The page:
Sanji Lighthouse occupies a high vantage point on the side of Sarabong peak near Jeju Port in Jeju City. Since it was first lit in 1916, it had solemnly protected the northern sees of Jeju, but now it is being reborn as a cultural complex for local residents and tourists.
In October 2019, the Jeju Maritime Management Division under the Busan Regional Office of Oceans and Fisheries converted Sanji Lighthouse from a manned facility to an unmanned facility in line with the trend of automation. As a result, the position of lighthouse keeper, who had resided in Sanji Lighthouse for 100 years, was abolished, and facilities such as the lighthouse keeper’s residence became obsolete.
The consensus in the local area suggested that, since the open space around Sanji Lighthouse is a popular walking trail among locals and tourists and comprises a tourist destination in the old city, it should be used as a cultural space rather than being permanently closed. Sanji Lighthouse offers a perfect overview of Jeju Port, which services as “the gate to Jeju,” the nearby seas, and the historical quarter of Jeju City. At night, it also offers a stunning night view of hundreds fishing boats that adorn the pitch-black sea with iridescent lights.
The Jeju Maritime Management Division and the Jeju-si Geonip-dong Urban Regeneration Site Support Center concluded an MOU in November 2020 to utilize the idle space around Sanji Lighthouse as a new maritime cultural space, heralding a new chapter for Sanji Lighthouse. The Geonip-dong Urban Regeneration Site Support Center has been performing renovation works on the lighthouse keeper’s residence, lighthouse office and auxiliary buildings from early this year, eventually opening Café Waves, a cultural space for exhibitions, performances and other cultural events, in September this year.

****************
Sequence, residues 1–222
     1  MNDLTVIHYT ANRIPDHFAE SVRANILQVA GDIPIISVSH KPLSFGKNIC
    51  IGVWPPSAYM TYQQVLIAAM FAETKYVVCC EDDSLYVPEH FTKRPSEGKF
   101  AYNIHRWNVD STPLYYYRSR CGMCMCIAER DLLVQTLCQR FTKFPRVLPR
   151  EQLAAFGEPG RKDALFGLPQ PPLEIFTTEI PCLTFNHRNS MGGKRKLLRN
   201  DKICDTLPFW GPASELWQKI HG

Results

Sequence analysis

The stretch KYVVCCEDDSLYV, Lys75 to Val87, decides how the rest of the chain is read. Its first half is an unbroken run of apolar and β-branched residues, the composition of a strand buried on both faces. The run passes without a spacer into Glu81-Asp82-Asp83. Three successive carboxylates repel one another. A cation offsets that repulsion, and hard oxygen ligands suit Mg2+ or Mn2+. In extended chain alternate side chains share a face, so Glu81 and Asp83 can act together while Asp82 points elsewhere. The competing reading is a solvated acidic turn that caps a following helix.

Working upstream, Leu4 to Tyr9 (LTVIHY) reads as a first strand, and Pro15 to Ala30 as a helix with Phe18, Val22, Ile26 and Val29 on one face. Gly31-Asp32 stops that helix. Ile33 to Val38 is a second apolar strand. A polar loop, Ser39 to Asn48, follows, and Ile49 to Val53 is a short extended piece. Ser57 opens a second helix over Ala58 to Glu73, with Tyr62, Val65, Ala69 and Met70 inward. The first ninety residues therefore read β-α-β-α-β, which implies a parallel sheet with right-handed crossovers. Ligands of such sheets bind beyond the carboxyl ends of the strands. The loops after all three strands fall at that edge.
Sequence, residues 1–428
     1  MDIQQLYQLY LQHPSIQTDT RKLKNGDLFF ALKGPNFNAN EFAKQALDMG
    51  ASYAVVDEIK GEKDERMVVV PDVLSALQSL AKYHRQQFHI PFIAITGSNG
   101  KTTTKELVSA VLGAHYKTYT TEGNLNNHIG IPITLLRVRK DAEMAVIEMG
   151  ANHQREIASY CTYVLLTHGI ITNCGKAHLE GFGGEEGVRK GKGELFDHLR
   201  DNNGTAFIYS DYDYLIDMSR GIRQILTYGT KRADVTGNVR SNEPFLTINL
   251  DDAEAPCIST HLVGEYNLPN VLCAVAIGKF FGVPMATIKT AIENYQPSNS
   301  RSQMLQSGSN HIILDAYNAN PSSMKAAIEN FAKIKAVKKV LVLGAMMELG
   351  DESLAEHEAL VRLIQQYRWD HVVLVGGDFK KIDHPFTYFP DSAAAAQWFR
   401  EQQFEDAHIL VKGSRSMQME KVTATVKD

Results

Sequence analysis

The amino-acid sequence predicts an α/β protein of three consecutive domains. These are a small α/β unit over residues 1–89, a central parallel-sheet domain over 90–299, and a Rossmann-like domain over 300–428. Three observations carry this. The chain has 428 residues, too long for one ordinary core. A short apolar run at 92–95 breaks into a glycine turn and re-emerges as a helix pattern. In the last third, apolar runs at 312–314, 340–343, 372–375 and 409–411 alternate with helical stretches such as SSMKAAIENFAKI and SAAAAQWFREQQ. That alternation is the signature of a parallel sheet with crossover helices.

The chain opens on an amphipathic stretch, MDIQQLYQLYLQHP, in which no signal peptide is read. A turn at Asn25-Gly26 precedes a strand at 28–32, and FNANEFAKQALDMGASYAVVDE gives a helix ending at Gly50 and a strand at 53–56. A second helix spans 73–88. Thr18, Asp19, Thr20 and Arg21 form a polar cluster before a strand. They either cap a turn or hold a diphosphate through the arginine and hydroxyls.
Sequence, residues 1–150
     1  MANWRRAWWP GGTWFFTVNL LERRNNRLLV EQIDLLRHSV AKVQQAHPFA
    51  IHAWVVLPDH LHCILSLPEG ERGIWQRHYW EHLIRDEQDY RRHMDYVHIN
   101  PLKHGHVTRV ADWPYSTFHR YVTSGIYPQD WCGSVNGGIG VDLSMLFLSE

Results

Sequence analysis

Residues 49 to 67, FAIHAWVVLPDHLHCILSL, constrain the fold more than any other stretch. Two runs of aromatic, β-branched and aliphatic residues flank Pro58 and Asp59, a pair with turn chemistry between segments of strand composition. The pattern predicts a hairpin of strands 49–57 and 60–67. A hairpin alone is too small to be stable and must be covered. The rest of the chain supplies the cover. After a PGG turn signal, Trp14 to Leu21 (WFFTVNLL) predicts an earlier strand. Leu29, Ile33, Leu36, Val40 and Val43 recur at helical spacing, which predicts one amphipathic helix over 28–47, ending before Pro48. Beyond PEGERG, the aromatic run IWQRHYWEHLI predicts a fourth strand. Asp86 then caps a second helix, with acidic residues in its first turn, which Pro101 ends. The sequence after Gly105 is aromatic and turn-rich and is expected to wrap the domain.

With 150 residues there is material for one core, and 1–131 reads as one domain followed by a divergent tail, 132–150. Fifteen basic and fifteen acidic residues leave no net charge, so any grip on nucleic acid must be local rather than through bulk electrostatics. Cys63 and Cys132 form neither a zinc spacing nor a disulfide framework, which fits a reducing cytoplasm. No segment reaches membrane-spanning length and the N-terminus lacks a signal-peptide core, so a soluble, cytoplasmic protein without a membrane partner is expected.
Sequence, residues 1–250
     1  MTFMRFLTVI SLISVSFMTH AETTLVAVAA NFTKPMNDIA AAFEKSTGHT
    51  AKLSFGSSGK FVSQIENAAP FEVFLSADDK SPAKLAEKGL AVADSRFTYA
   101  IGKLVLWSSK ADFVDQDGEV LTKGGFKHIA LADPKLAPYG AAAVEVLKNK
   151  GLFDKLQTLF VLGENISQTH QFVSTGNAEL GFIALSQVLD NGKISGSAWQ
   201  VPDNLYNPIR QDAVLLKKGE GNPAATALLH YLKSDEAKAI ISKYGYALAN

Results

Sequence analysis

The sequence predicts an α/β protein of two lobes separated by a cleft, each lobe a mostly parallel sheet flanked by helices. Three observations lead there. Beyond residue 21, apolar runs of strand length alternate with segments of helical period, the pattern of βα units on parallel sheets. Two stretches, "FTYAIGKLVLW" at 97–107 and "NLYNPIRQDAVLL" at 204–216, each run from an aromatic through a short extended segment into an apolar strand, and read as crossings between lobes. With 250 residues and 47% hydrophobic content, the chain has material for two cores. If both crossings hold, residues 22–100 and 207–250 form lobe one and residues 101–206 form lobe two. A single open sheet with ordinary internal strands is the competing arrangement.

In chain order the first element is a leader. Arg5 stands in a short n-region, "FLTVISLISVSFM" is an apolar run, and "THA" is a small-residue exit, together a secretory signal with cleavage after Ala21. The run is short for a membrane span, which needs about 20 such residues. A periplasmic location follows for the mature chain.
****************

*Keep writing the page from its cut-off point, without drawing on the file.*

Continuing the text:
Café Waves is divided into two buildings. One is a café and independent bookstore that offers tea and books, while the other has been arranged as a tea-drinking space and exhibition area. The café is an eco-friendly venue that does not use single-use cups or straws. For takeout, customers must bring their own cups or rent and return cups from the café. The bookstore within the café covers topics such as maritime affairs, the environment, ecology and Jeju Island, as well as picture books for adults and eco-friendly goods. The books are arranged and displayed in each room by theme.
The other building has been decorated as an exhibition space where visitors can admire artwork while enjoying tea. Each room is equipped with tables and chairs set at spacious layouts so that visitors can enjoy the exhibitions without disturbing those who are drinking tea. Currently, the exhibition space displays photos by the late photographer Ko Young-il, who captured black-and-white photographs of children joyously playing in Jeju from the 1950s to 80s.
Outside the buildings, there is a neatly-arranged garden that offers a clear view of the Jeju seas. The planner and manager of Café Waves, Kim Gyo-hyeon, commented, “We plan on showcasing a new exhibition every month or two, as well as various performances and environmental campaigns using the outdoor garden and our exhibition spaces, which will comply with COVID-19 infection control measures.”
ⓒ Jeju Weekly 2009 (http://www.jejuweekly.com)
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